If Bloom’s A Light Once There touched on Cole’s acts, its sister film Hope delves into it further with the main aim of looking at the incident from Hope’s point of view, Cole’s sister. Hope is not a sequel, but a more elaborate answer to why what happened did.
It uses a lot of footage from A Light Once There (ALOT) which helps make sense of the whole tragedy, and very cleverly subverts the possibility of feeling repetitive. Hope opens on one of the lightest scenes in the story– brother and sister reminiscing about their younger days and luging before Hope moves out. The scene is shot beautifully: a preserved, nostalgic memory of growing up in the suburbs. It then moves on to another scene of preparation for Hope (Kendal Rae) moving out, then blending into the story of how they lost their mother: how Cole (Diego Josef) isolated himself during a picnic after a fight, their mother (Brynn Horrocks) having a heart attack while despairing on the pitfall laden path of raising children. And how afterwards, Hope could barely hold herself up while Cole could not express his grief openly. All the actors are brilliantly authentic, the music only adding to the spell that the film’s craft casts. The film then inserts scenes from ALOT to draw a more detailed picture. The rest of Hope sees Hope grown up, moving on with her life while Cole struggles to find peace. It beautifully intercuts with scenes from ALOT, as well as creating a parallel narrative for the two characters.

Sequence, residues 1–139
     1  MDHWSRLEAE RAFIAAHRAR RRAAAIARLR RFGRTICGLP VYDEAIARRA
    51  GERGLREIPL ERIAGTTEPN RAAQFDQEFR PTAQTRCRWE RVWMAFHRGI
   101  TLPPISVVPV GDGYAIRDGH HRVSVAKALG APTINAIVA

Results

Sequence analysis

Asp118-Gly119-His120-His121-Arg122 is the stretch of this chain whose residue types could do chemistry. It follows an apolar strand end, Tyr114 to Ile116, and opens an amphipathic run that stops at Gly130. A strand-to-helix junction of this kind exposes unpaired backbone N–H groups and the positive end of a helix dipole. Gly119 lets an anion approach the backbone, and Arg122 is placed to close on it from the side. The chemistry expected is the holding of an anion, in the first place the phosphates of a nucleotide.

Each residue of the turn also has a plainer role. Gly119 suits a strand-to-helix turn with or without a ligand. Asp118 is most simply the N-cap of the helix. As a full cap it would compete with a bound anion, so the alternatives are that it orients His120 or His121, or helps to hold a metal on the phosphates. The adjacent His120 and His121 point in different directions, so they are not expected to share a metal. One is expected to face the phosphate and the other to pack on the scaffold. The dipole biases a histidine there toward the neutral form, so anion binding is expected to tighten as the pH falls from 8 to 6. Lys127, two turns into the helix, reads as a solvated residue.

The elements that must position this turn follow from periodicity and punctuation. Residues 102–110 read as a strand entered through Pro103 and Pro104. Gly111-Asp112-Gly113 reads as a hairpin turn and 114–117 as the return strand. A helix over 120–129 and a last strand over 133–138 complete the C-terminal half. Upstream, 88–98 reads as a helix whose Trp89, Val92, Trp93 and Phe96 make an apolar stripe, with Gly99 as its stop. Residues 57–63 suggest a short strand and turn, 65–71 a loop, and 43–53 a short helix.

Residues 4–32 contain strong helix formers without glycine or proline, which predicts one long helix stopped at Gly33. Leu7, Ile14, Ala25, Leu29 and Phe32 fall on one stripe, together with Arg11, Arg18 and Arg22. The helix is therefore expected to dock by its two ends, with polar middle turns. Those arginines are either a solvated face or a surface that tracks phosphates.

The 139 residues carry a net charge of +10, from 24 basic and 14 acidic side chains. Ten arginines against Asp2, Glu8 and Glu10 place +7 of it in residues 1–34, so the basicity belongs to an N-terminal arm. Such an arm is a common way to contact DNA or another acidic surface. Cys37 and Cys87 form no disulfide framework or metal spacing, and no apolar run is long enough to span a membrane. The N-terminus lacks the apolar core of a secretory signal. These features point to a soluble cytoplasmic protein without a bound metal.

The whole of the film has a sense of impending doom, a growing dread of something ominous, even if (or especially because) the end is known to the viewer. The film stays true to its name, however, and ends on a hopeful note, once again bringing in scenes from the past, whether it’s of Cole and Hope, or of Hope and their mother. When at last Hope lays down something of a tribute, in the hope of finding peace for both herself and her brother, the story is set to rest too. In the end, we know what happened, and how it happened, and what it meant for two characters who found themselves separated and brought back together by tragedies.
Neither A Light Once There nor Hope focuses very deeply on the victims of the shooting, although they are the driving force for the first film and the weight hanging heavy on the characters in the second; instead the films can once again function as answers for victims, as a way to understand the sudden, senseless devastation that strikes so often and without warning today.#ShortFilmReview: Hope: An Explanation For Senseless Devastation Click To Tweet